Taking to Mumsnet to tell her story of a "cringy" situation avoided at the 11th hour, the wedding guest explained how she had been looking forward to the wedding for a month only to discover at the last minute that she had misinterpreted her invitation completely.
"Major embarrassment narrowly avoided and I'm cringing at what might have happened," she said in her opening line on the forum, before explaining how things went wrong.
The woman told how she had bought two outfits (hoping to return the one she didn't choose on the day) booked a hair appointment and "even lost a few pounds" before the big day, admitting that because she and her husband don't get to a lot of weddings she had "completely over invested."
However it was when she went to check the invite for times that she discovered that she was not actually invited to the full wedding celebration.
"Checked the invite for timings this morning and realised we haven't actually been invited to the whole thing. Just the ceremony at 1pm and then the evening do at 7pm."
Forum users were quick to respond, remarking that the invite was 'rude' and conveying their bafflement at what the wedding guest was meant to do with her time between the two events.
"So bloody rude," said one user. "'Come see me get married, buy me a gift, then hang around for six hours and come for a drink in the evening so I don't have to feed you'?"
"You're supposed to go to the church, sit around for ages and get your own food and then go for the party only? So unbelievably rude," another commented.
One user remarked that "A special kind of entitlement has risen up about weddings in the past decade or so. So much that exceptional rudeness is now seen as normal by many people."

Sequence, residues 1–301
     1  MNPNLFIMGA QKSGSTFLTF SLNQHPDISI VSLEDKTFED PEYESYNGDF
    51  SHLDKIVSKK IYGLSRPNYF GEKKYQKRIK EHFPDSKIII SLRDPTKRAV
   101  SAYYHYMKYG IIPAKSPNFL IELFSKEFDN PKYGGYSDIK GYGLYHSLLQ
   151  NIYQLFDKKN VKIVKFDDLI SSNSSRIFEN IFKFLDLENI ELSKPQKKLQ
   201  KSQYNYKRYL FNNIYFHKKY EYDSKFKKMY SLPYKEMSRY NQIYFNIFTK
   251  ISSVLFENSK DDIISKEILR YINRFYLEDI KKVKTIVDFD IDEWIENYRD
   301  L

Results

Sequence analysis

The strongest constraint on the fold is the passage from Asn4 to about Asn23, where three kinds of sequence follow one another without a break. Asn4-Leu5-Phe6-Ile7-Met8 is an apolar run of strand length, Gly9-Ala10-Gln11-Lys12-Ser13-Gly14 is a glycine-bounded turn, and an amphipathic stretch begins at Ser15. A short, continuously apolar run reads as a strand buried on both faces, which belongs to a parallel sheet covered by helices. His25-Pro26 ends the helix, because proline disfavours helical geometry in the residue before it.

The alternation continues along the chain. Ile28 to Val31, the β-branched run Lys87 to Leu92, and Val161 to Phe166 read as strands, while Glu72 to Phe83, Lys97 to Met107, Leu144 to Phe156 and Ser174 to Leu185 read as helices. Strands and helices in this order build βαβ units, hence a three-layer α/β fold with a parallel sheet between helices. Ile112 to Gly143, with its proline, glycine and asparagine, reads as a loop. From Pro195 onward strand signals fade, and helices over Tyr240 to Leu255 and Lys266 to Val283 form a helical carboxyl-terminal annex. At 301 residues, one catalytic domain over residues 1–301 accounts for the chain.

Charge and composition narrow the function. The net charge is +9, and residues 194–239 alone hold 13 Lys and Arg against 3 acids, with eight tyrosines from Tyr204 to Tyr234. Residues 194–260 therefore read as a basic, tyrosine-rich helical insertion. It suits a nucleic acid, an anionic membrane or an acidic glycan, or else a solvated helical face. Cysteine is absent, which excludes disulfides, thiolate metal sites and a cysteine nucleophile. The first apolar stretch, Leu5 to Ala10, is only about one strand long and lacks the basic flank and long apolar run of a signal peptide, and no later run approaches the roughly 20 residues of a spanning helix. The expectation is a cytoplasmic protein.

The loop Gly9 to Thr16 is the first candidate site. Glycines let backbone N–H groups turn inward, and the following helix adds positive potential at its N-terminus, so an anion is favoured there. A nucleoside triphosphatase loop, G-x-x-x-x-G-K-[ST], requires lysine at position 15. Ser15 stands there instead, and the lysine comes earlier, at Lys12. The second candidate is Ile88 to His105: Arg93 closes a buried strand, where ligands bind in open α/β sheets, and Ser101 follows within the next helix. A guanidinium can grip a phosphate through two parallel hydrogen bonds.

Others said that while they agreed that evening invites are sometimes necessary for weddings, having to busy oneself between the ceremony and late night drinks while other guests had dinner was an unusual situation.
"I sort of understand only inviting people to the evening drinks bit if numbers/money is tight (but I wouldn't do it!). But inviting people to the ceremony and the evening part but not the bit in the middle is odd!" one user noted.
Another said a friend did this at her wedding, but added that "you can only get away with it at church weddings."
"Apparently this is a thing now!"
"Apparently this is a thing now!" remarked one user. "I think it's pretty rude actually to expect people to get dressed up for the ceremony, no doubt be part of pictures etc, then bugger off for six hours to return for a few vol-au-vents whilst people they like more spend that time with the bride and groom having a fancy meal and getting p*****."
While the debate raged online, the guest attended the wedding celebration, and kept the forum users updated on how the day panned out.
The wedding guest explained how after the ceremony a small crowd had gathered under a tree and out of the rain.
"We could hear them discussing where to go for the afternoon out of the rain. So we weren't the only ones."
She added that her husband re-read the invitation again as they were so worried about getting it wrong.
"No phone calls summoning us this afternoon though so hopefully we have avoided any faux pas!"
The guest concluded that the arrangement suited her as she was able to go home during the official reception before returning for the evening celebrations.
"I just hope any future invitations are worded a bit more clearly," she said.